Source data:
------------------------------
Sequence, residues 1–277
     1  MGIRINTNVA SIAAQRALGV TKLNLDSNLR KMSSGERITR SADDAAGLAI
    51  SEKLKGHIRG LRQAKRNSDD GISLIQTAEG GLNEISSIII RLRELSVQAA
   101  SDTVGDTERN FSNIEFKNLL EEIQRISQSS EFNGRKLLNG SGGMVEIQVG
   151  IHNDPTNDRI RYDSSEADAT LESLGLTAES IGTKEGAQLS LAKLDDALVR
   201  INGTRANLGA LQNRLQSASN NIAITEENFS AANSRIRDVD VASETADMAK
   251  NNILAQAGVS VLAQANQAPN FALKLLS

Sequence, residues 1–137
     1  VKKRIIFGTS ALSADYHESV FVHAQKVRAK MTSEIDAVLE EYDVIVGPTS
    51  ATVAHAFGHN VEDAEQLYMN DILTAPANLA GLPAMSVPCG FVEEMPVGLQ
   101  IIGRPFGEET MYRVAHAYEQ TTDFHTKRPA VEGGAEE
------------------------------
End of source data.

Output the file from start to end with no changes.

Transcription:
Sequence, residues 1–277
     1  MGIRINTNVA SIAAQRALGV TKLNLDSNLR KMSSGERITR SADDAAGLAI
    51  SEKLKGHIRG LRQAKRNSDD GISLIQTAEG GLNEISSIII RLRELSVQAA
   101  SDTVGDTERN FSNIEFKNLL EEIQRISQSS EFNGRKLLNG SGGMVEIQVG
   151  IHNDPTNDRI RYDSSEADAT LESLGLTAES IGTKEGAQLS LAKLDDALVR
   201  INGTRANLGA LQNRLQSASN NIAITEENFS AANSRIRDVD VASETADMAK
   251  NNILAQAGVS VLAQANQAPN FALKLLS

Sequence, residues 1–137
     1  VKKRIIFGTS ALSADYHESV FVHAQKVRAK MTSEIDAVLE EYDVIVGPTS
    51  ATVAHAFGHN VEDAEQLYMN DILTAPANLA GLPAMSVPCG FVEEMPVGLQ
   101  IIGRPFGEET MYRVAHAYEQ TTDFHTKRPA VEGGAEE